During the period talk in primary school, one key detail was forgotten: ‘What to do when you have heavy periods.’ Nobody prepared me for the overflow that would come with my periods. The first time I soiled my clothes, I thought I was dying. It seems silly, but then, it was a crisis.
I was a happy camper as long as I was sitting, when I stood up, gravity would come in to full effect and the rivers of Babylon would flow. I felt completely powerless, there was nothing I could do to stop it. It felt like my womb had turned into a waterfall for a few minutes.
My primary school dress was a mixture of white and grey, so a red stain stood out like a blob of jam on toast. It was not supposed to be there. Unfortunately, I didn’t know that you are not supposed to use hot water to remove a blood stain. Sigh. I learned the hard way.
For months, I ended up soiling my sheets, I eventually learned how to cope with the heavy periods. Here are some of my tips to handle the overflow.
1. Save your pretty panties
I used to wonder why anyone would want to wear granny panties during their periods. Especially since they are everything but sexy. Then I had a heavy period that painted my panty red like a toddler with a paintbrush. On that day, no one needed to tell me to have separate panties for shark week.
When you are struggling with bloating, a bikini cut may not be the best option. Choose something with a some allowance to grow. Comfort is key, your uterus is already having a battle on it’s own.
Back in the day, I used to layer my pads. When I first saw a pad with loops, I was baffled. I kept asking myself, ‘Who wears such things? How is it worn?’. Fast forward to the first day post delivery, and I was so relieved that I could elongate my pad. Their adhesive is horrible but they make up for it with absorption.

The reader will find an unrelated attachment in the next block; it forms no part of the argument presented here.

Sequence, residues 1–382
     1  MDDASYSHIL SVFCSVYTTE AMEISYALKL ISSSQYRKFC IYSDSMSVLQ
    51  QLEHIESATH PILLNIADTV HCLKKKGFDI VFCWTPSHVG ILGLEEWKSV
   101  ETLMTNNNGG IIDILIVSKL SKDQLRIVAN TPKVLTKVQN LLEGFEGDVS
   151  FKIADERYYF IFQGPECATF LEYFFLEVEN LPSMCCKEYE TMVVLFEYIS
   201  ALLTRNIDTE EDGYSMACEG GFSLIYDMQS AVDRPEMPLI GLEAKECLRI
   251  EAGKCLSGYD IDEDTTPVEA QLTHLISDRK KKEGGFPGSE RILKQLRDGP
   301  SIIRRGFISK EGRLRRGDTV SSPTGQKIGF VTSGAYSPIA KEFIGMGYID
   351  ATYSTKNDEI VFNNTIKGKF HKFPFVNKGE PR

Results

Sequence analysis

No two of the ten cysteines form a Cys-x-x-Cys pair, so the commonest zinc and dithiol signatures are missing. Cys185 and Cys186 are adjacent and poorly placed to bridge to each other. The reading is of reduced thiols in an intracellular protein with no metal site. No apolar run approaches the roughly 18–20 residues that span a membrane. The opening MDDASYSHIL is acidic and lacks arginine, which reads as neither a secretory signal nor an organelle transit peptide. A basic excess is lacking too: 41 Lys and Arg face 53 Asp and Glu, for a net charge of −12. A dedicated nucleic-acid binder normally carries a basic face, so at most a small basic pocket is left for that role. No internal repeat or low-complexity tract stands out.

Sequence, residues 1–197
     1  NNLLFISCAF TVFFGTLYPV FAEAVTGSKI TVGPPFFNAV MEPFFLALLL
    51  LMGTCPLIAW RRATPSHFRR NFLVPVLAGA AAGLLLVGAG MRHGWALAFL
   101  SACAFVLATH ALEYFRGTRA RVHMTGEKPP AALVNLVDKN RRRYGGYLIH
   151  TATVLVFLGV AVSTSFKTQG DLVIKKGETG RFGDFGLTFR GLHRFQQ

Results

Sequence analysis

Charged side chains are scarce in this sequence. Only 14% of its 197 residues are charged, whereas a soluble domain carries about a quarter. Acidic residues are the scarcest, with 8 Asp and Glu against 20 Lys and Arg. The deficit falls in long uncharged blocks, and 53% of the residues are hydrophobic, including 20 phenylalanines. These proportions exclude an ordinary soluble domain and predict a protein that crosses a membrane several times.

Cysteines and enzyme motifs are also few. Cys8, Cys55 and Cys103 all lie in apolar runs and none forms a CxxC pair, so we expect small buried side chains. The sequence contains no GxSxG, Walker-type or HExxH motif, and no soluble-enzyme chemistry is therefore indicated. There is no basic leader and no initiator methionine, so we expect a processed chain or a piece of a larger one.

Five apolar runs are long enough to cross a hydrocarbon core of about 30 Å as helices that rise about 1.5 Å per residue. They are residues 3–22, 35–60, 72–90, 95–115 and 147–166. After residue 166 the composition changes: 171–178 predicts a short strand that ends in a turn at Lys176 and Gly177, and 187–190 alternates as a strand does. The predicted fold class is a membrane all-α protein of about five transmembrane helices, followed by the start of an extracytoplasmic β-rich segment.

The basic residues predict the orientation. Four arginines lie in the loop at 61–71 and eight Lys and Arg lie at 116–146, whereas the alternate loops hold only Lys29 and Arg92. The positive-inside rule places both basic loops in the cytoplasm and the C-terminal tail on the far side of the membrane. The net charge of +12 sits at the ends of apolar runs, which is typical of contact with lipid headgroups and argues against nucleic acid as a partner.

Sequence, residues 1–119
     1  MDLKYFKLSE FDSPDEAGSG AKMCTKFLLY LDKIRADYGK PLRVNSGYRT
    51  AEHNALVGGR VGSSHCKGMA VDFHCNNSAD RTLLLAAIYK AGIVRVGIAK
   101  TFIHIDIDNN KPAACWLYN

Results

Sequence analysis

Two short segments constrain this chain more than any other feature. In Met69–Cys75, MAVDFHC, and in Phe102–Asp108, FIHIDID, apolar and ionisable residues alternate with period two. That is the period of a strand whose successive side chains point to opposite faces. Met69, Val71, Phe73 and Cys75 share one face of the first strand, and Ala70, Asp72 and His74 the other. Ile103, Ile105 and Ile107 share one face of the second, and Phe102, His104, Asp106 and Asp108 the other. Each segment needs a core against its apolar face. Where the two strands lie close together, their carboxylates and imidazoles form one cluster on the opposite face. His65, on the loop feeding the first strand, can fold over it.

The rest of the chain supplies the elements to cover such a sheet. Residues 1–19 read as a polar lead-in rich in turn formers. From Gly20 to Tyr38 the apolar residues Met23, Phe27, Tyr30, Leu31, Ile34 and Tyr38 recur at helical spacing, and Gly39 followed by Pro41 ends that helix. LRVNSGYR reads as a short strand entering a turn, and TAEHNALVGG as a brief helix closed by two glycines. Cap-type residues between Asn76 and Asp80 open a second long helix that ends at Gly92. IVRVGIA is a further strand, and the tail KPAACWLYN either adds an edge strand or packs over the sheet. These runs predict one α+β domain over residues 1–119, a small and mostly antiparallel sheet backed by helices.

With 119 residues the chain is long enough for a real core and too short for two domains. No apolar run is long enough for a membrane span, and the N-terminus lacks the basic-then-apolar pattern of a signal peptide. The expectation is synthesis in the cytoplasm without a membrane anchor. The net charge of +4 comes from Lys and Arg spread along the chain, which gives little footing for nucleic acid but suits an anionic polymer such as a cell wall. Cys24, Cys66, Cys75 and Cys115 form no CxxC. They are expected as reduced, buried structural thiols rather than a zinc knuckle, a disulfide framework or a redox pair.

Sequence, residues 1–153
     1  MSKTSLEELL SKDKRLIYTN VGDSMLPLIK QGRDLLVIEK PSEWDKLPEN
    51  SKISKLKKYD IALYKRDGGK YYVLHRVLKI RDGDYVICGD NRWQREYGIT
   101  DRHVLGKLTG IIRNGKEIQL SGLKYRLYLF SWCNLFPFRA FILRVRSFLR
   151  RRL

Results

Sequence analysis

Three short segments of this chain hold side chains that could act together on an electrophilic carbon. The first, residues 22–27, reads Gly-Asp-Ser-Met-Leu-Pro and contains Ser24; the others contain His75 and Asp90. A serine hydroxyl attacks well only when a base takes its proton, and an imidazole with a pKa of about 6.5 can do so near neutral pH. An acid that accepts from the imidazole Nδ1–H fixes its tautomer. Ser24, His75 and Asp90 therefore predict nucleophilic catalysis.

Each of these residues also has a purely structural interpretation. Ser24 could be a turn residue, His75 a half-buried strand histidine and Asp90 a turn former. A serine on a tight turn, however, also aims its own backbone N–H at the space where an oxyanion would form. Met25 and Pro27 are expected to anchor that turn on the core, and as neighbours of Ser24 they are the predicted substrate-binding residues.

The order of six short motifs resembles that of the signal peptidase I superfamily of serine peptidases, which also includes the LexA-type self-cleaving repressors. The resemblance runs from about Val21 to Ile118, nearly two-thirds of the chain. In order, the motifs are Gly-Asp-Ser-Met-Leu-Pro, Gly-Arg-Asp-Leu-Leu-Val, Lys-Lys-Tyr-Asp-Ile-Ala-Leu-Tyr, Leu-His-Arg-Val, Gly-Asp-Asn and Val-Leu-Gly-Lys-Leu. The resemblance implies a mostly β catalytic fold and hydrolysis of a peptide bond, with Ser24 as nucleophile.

Maternity pads are great for heavy flow. They cost a lot more, but they are very effective. We need more affordable pads like these for women with heavy flow.
Putting an old towel beneath your bum helps to protect your bed sheets. Set an alarm to change your pad in the middle of the night so that you can avoid the accidents.
3. Cold water
When it comes to cleaning blood stained clothes, refrain from soaking blood stained garments in hot water. It will cause the stain to set in to the fabric. Instead, use cold water. You can soak the clothes in cold water for 30 minutes then . You can use either salt, bicarbonate of soda, vinegar, hydrogen peroxide or ammonia to make a paste on the stain and rub it.
4. Stock up
It is easy to become iron deficient if you have heavy periods. Eat more iron rich foods like beans, leafy greens, dark chocolate, peas, meat and liver, all through your cycle.
If you feel foggy, tired and have to change your pad or tampon every hour, please see a doctor.